An English explanation of our walking tour as to what we would be doing and how the rite goes.
Inside of the shrine (we got to sit inside the shrine, up the stairs).
Inside of the shrine (we got to sit inside the shrine, up the stairs).
I was front and center!! Perfect photo op!
I was front and center!! Perfect photo op!
Priest and the "demon."
Priest and the “demon.”
Princesses.
Princesses.
Opening part of the rite. Getting ready for purification with the stick.
Opening part of the rite. Getting ready for purification with the stick.
Purification process.
Purification process.
Demon dance.
Demon dance.

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Shooting a bow and arrow as part of the rite. He shoots branches around in a circle. They do not go but maybe a couple inches in front of him. He grunts each time he shoots one and then bows after.
Shooting a bow and arrow as part of the rite. He shoots branches around in a circle. They do not go but maybe a couple inches in front of him. He grunts each time he shoots one and then bows after.
Girls beginning their purification dance. (The leaves/branches mean purification as well).
Girls beginning their purification dance. (The leaves/branches mean purification as well).

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Presenting branches to the people who were born with the zodiac sign of the year (horse).
Presenting branches to the people who were born with the zodiac sign of the year (horse).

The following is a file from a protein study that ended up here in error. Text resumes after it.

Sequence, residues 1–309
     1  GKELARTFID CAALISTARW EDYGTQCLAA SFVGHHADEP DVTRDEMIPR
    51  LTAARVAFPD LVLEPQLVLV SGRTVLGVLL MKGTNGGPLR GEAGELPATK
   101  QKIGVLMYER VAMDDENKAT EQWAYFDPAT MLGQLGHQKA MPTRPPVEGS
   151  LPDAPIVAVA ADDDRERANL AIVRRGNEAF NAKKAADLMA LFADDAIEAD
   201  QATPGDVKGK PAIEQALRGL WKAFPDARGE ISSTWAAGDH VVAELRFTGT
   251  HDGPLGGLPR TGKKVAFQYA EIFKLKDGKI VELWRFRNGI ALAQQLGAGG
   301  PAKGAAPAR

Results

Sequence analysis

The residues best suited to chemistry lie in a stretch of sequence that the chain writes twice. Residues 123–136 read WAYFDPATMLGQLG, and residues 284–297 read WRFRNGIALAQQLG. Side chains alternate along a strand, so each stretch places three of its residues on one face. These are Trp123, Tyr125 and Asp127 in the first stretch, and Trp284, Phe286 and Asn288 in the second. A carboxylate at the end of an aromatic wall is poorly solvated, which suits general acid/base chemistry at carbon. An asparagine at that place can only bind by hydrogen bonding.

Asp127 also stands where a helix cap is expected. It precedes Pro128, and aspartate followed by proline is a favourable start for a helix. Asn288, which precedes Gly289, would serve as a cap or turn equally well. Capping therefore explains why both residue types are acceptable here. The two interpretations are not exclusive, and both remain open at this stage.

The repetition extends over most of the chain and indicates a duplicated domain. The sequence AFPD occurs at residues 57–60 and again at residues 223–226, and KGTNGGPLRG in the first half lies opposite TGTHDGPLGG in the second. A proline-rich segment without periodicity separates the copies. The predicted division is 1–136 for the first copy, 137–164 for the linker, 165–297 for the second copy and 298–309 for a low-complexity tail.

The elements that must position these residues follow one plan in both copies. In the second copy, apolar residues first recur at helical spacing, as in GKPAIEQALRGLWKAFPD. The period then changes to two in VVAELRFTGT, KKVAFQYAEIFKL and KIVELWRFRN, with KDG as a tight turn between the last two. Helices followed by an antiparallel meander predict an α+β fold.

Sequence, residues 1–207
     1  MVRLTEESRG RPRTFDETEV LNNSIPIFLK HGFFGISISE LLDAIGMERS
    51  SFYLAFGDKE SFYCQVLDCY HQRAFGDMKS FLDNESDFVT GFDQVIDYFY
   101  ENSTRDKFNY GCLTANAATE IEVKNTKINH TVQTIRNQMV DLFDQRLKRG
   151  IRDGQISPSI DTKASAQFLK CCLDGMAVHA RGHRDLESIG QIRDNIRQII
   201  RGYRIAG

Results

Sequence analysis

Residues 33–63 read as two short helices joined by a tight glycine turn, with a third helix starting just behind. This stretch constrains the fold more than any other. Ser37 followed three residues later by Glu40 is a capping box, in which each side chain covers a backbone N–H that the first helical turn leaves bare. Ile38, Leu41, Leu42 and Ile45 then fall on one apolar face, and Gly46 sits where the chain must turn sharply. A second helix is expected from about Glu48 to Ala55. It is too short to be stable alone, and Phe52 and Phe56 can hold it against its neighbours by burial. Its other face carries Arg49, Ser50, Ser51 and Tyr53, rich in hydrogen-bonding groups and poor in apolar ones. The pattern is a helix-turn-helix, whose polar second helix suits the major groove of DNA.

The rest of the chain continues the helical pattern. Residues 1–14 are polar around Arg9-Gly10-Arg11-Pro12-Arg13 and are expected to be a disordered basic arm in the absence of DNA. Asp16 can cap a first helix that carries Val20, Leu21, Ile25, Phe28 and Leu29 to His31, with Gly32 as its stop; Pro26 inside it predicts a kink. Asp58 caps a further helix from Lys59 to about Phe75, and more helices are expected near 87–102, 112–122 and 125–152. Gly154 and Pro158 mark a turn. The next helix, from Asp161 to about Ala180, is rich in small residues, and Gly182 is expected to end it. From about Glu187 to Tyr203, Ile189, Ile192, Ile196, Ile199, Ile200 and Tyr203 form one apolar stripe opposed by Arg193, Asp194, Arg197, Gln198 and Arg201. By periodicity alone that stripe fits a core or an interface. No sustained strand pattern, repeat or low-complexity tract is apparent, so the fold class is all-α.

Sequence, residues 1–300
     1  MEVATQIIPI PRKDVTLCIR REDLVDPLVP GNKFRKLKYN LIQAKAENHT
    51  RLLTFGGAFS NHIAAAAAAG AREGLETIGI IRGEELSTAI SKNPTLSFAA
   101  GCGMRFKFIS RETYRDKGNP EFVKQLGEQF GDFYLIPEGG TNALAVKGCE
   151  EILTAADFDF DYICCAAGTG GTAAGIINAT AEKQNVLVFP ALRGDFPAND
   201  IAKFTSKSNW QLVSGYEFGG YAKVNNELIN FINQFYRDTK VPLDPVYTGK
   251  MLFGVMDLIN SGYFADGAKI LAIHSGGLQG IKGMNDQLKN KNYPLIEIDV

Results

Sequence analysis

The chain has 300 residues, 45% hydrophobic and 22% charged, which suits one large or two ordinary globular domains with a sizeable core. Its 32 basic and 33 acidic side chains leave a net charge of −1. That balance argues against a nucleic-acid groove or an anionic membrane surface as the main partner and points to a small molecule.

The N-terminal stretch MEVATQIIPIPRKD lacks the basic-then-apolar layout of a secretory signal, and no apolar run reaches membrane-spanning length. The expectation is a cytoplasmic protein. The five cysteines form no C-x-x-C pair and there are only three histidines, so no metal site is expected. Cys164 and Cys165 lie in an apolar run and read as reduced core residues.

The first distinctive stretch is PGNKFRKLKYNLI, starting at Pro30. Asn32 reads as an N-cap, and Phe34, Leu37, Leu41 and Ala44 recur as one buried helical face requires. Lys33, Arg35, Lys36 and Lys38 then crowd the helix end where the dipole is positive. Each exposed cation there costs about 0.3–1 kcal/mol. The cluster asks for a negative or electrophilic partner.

Placing their branches in front of the alter on a bench and praying. (How close we were to alter!)
Placing their branches in front of the alter on a bench and praying. (How close we were to alter!)

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They were the same people who were the bean throwers.
They were the same people who were the bean throwers.
Throwing the beans out in the crowd.
Throwing the beans out in the crowd.
They threw handfuls of bean packets right at us!! Landed all over!
They threw handfuls of bean packets right at us!! Landed all over!
Getting our mochi cakes to roast by the fire.
Getting our mochi to roast by the fire.
Mochi stuck on a bamboo stick.
Roasting mochi on a bamboo stick.
Gathered around the bonfire.
Gathered around the bonfire.
Lighting of the fire.
Lighting of the fire.

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We put the mochi in the bean soup and eat! yummm!!!
We put the mochi in the bean soup and eat! yummm!!!
All of the beans that I caught at the rite! I don't think that bad luck will be visiting me any time this year!!
All of the beans that I caught at the rite! I don’t think that bad luck will be visiting me any time this year!!

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Lindsay View All →

Our roots will forever be from here, America, born and raised. Yet, life requires us to move more frequently than we care to count. Whether living stateside or abroad, you can always find us traveling somewhere. We scout out places that you only think you can dream of one day seeing and we seek out those that aren’t found in guidebooks. We then bring them to life here in our travel memos, so hopefully, one day you too can visit them or at least be able to live vicariously through us. This blog isn’t just about crossing off places from a bucket list. It’s about absorbing and learning how other cultures grow and fit into the same world that we do. Life is short and the world is big. Enjoy and get out there!